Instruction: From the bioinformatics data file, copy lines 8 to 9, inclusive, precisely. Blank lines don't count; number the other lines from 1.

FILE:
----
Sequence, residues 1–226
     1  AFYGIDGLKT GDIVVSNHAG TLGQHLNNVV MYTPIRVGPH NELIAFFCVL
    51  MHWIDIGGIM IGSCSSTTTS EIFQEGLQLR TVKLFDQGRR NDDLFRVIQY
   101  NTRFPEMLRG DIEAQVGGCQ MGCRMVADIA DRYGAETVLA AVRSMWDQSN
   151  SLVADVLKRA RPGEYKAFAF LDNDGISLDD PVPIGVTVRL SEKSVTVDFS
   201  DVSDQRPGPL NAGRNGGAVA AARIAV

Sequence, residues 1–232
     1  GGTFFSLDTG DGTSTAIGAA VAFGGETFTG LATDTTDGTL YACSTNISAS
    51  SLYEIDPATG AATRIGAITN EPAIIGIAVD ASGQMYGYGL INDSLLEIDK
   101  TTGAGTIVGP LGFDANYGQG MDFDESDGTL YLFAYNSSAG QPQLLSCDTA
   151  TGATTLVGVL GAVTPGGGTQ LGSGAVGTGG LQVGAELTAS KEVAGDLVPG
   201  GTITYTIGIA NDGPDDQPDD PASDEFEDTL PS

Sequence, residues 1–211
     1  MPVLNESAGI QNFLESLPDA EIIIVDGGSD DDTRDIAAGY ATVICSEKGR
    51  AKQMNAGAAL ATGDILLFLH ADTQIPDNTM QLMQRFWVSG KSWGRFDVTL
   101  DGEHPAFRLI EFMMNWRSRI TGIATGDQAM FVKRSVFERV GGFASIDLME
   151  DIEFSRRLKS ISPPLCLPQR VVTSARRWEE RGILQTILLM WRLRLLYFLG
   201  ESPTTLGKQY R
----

     1  GGTFFSLDTG DGTSTAIGAA VAFGGETFTG LATDTTDGTL YACSTNISAS
    51  SLYEIDPATG AATRIGAITN EPAIIGIAVD ASGQMYGYGL INDSLLEIDK